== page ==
Yesterday night, newswire CNNMoney ran an article on a new survey in the U.S., stating that ?Ninety-three percent of millennials say that both distrust of markets and lack of investing knowledge make them less confident about investing.?
In the CNNMoney piece, Garrett Silver from Capital One ShareBuilder, the firm behind the aforementioned survey, explained millennials? mindset toward the stock market:
?Witnessing this state of the market during formative years of their lives shaped their perceptions, leaving them very skeptical about investing and the markets…
Yesterday night, newswire CNNMoney ran an article on a new survey in the U.S., stating that “Ninety-three percent of millennials say that both distrust of markets and lack of investing knowledge make them less confident about investing.”
In the CNNMoney piece, Garrett Silver from Capital One ShareBuilder, the firm behind the aforementioned survey, explained millennials’ mindset toward the stock market:
“Witnessing this state of the market [the meltdowns due to the dotcom bubble in the early 2000s and the 2008 financial crisis] during formative years of their lives shaped their perceptions, leaving them very skeptical about investing and the markets in general,”
So what’s happening here is that millennials are afraid to invest because they’re taking their own experiences with the stock market and projecting it to be the only reality – “if the markets have fallen hard twice in 10 years, it’s going to keep doing so and I can never make any money investing.”
This can be a dangerous and financially-painful mindset to have for the simple reason that our own experience over a narrow slice of time is a very limited glimpse of how the world really works.
Pulling back the curtains of time
Despite millennials’ fear over the stock market in the States, a long-term investment into the S&P 500 – a broad market index in the country akin to the Straits Times Index (SGX: ^STI) here in Singapore – would still have been a lucrative investment. The S&P 500 has returned more than 300% over the past twenty years and this has happened despite the occurrence of the two big crashes which have scarred millennials.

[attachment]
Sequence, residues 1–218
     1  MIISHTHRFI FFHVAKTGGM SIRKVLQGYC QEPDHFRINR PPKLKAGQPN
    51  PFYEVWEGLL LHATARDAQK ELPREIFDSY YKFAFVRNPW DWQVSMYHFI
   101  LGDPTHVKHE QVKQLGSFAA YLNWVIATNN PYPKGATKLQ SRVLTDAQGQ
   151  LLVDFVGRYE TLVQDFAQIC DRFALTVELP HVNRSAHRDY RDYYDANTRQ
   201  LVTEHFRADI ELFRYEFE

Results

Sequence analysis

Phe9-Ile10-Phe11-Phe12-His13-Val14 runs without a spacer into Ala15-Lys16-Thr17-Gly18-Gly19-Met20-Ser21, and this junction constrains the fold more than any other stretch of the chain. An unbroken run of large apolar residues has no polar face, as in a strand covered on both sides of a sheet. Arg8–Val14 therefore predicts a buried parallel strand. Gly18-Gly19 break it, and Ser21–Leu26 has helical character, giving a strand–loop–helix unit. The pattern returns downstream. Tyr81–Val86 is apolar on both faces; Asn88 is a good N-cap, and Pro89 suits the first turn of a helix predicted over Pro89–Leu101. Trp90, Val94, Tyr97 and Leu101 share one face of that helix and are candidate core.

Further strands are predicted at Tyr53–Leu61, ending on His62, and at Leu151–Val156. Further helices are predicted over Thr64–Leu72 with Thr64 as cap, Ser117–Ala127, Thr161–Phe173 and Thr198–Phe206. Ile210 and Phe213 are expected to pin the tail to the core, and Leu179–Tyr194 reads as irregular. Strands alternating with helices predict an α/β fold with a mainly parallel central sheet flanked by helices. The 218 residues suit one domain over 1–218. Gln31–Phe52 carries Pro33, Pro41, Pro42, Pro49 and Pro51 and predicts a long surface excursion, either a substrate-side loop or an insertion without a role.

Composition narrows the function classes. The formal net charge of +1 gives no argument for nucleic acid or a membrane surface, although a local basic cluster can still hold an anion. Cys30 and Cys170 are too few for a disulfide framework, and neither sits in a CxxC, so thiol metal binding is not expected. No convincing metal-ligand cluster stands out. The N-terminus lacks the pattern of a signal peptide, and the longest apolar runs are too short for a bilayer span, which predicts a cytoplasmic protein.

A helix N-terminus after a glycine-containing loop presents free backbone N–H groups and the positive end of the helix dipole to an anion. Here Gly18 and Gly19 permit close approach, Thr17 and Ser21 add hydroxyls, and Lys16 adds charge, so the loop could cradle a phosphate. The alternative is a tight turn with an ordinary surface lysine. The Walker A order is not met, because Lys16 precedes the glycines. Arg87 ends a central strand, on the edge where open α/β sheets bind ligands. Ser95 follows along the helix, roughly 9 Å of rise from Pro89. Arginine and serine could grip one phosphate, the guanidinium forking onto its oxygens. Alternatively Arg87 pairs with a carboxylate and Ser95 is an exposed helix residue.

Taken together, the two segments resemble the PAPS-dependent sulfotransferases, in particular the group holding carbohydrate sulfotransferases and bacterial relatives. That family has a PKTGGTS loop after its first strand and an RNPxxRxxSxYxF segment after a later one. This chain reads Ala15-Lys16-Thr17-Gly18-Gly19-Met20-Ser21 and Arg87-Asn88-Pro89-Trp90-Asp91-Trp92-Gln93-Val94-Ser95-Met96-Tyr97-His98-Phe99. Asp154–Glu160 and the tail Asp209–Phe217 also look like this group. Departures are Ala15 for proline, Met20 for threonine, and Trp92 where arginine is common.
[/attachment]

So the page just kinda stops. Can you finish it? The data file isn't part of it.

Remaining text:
Moreover, the painful declines that the S&P 500 had endured in the dotcom bubble and the financial crisis was also not the only times that stocks in the U.S. had fallen sharply.
For instance, the S&P 500 got sliced in half from peak-to-trough from 1973 to 1974. But, investors who bought into the index at the top in 1973 would still be sitting on returns of 1,600% today.
What ain’t broke needs no fixing
American millennials’ distrust of the stock market due to the crashes is perhaps symptomatic of another issue at hand: That market crashes are a sign that something is broken.
Thing is, there are reasons to believe that a market crash is something inherent in the financial markets and not a sign that something needs fixing. To that point, the late economist Hyman Minsky had a theory that stability breeds instability in the financial system. My colleague Morgan Housel describes:
“Whether it’s stocks not crashing or the economy going a long time without a recessions, stability makes people feel safe. And when people feel safe, they take more risk, like going into debt or buying more stocks.
It pretty much has to be this way. If there was no volatility, and we knew stocks went up 8% every year [the long-run average annual return for the U.S. stock market], the only rational response would be to pay more for them, until they were expensive enough to return less than 8%.
It would be crazy for this not to happen, because no rational person would hold cash in the bank if they were guaranteed a higher return in stocks. If we had a 100% guarantee that stocks would return 8% a year, people would bid prices up until they returned the same amount as FDIC-insured savings accounts, which is about 0%.”
Said another way, market crashes every now and then are simply what’s needed in order for investors to earn satisfying long-term returns; they’re not something to be feared.
A Fool’s take
When we’re dealing with the financial markets, it pays to take a long look at history in order to enhance our understanding of it beyond our own limited personal experiences. As Mark Twain once said, “History doesn’t repeat itself, but it does rhyme.”
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The information provided is for general information purposes only and is not intended to be personalised investment or financial advice. Motley Fool Singapore writer Chong Ser Jing doesn't own shares in any companies mentioned.